Game 2 he didn’t stick a creature until really late in the game when I had already taken it over.


Round 4: Pat with Mono-Red Aggro

As I said, not much really happens in these red aggro matchups. Both games he started to get me really low, but I made sure never to go below four life and Olivia Voldaren took the game both times. I never saw Thragtusk either game, causing him to wonder if it was even in my deck. I got to do the cool play of stealing Boros Reckoner with Olivia Voldaren and pinging it a few times each turn to shoot him in the face. It’s the little things in life that matter.


Round 5: Edgar with Esper Control

In game 1, I got off the ground quickly with a Farseek and then kept throwing spells into his counterspells. Eventually, a Huntmaster and a Thragtusk resolved, and then I used a Rakdos’s Return to hit his hand. He fell behind immediately and lost the game in short order.

Game 2 he mulliganed to six and then got stuck on lands with awkward colors. He finally started to work his way out of it and used a Duress to make sure the coast was clear. Unfortunately, he had to use a bunch of cards to make land drops, so the Rakdos’s Return I topdecked closed out the game rather quickly.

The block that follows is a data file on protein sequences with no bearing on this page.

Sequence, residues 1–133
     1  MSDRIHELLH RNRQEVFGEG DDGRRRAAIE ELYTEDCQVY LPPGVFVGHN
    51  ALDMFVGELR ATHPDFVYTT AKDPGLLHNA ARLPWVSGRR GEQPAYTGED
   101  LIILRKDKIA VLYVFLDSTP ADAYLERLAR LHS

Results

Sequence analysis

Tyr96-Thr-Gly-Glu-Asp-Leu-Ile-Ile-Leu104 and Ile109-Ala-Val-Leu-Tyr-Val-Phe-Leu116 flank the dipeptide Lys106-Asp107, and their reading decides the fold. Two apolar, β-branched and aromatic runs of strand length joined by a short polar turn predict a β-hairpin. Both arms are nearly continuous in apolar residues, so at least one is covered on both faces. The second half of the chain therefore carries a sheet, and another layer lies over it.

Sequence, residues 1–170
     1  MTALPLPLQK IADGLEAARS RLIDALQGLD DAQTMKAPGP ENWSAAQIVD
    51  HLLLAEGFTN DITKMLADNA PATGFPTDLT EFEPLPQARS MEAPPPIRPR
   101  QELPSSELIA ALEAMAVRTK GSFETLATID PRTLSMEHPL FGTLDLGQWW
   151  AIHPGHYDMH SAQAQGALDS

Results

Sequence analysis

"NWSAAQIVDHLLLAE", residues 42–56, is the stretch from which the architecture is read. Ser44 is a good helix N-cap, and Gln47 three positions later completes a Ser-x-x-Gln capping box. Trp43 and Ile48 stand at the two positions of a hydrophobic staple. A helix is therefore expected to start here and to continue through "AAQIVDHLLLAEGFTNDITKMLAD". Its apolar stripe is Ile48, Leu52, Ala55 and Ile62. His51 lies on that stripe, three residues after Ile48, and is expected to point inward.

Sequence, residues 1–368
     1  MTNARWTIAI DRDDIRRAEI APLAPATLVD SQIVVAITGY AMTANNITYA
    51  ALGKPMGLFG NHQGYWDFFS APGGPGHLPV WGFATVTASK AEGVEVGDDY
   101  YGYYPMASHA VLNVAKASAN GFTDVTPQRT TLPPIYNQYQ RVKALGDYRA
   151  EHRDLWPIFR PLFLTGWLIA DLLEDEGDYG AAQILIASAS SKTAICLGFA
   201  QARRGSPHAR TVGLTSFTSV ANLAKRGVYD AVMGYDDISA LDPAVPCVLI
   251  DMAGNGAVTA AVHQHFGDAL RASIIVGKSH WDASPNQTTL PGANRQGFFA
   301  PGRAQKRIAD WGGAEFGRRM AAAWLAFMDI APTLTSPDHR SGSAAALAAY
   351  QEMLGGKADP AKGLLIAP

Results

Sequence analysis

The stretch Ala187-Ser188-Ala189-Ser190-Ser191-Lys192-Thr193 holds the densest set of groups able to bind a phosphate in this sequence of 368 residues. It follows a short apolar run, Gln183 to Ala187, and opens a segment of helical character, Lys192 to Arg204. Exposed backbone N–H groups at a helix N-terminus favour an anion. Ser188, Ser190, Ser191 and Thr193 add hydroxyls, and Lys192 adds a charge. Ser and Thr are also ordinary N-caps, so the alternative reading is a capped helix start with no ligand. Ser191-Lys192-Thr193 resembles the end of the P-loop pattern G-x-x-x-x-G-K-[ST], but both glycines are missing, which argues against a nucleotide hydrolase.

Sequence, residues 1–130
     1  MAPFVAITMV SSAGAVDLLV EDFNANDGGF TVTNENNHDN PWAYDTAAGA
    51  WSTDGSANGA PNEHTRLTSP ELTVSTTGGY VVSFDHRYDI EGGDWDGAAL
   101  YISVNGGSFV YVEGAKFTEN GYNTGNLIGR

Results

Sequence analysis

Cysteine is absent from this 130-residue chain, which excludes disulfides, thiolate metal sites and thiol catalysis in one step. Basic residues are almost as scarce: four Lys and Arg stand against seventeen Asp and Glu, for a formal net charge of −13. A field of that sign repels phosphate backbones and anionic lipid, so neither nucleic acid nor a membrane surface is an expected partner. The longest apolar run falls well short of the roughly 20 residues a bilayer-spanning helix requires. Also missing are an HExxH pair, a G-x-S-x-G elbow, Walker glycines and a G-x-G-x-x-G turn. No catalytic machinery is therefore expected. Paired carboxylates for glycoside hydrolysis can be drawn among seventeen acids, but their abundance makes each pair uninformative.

At this point, I was feeling pretty good. While a round 1 loss is never awesome, I was working my way back. I thought I was playing good Magic and was ready to keep winning games. Then the wheels fell off.

Round 6: Jonathan with Jund

My notes on this match are a little difficult to comprehend, but I remember some things. Game 1 he mulliganed to five and lost pretty quickly to my Rakdos’s Return.

Game 2 we both went to six, and the only other thing I remember is that I lost.

In game 3, I went to six and Duressed him on turn 1. He had five lands; Garruk, Primal Hunter; and Farseek. Unfortunately, I missed my fifth land drop for four turns with five cards that cost five in my hand. Eventually, he drew Rakdos’s Return for my hand, and I lost. I got daggered by drawing my fifth land on the very next turn.


After this my notes get pretty lackluster, but I dropped from the tournament at 4-4. I was defeated but not entirely disappointed. My friend Anthony needed a Top 32 to qualify for the Invitational, so I was birding him and hoping for the best. Unfortunately, he fell off at the end similar to myself. He’s only three points away from qualifying though, so he should be able to make it.

Anyway, I decided to do a lot of reflecting on why I was losing so much in real life but not online. I felt like I was playing really well, so what was it? After some pondering, I came to the realization that I just wasn’t mulliganing very well. I was keeping risky hands or hands that seemed good but didn’t actually do anything way too often. I felt burnt out from playing the deck for so long, so I figured maybe it was time to try something new.